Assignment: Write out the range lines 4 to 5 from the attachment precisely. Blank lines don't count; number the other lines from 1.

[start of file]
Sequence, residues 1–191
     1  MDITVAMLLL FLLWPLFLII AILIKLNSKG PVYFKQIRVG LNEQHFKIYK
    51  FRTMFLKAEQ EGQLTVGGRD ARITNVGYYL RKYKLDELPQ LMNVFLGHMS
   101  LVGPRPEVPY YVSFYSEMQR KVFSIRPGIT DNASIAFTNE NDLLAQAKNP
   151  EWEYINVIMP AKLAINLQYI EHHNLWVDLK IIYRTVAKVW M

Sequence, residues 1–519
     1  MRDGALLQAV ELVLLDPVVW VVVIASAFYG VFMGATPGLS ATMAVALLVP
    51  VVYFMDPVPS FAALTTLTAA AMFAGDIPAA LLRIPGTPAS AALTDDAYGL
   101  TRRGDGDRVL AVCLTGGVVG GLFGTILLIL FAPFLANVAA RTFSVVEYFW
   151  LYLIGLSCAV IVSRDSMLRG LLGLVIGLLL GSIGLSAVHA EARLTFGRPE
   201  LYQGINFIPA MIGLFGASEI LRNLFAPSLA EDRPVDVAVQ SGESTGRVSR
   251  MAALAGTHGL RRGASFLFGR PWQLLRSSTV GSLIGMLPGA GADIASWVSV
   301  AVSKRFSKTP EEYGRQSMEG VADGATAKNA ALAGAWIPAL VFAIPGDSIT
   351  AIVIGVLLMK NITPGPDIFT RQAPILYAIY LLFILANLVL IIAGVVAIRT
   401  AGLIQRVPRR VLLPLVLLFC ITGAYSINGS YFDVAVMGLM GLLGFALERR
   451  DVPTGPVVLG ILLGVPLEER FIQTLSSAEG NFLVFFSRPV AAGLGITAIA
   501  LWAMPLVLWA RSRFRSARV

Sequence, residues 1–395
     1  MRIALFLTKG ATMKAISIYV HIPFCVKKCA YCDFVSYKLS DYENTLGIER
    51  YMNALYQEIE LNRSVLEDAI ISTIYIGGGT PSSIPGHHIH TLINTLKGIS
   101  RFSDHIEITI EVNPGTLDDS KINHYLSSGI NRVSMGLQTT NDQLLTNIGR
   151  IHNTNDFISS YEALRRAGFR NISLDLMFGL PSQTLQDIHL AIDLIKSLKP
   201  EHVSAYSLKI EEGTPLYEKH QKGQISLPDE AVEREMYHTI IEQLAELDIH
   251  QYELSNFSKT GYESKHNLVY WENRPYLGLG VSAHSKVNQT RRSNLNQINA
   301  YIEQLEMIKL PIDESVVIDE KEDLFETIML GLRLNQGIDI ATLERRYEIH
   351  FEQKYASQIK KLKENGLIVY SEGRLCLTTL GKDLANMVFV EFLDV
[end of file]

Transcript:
   101  LVGPRPEVPY YVSFYSEMQR KVFSIRPGIT DNASIAFTNE NDLLAQAKNP
   151  EWEYINVIMP AKLAINLQYI EHHNLWVDLK IIYRTVAKVW M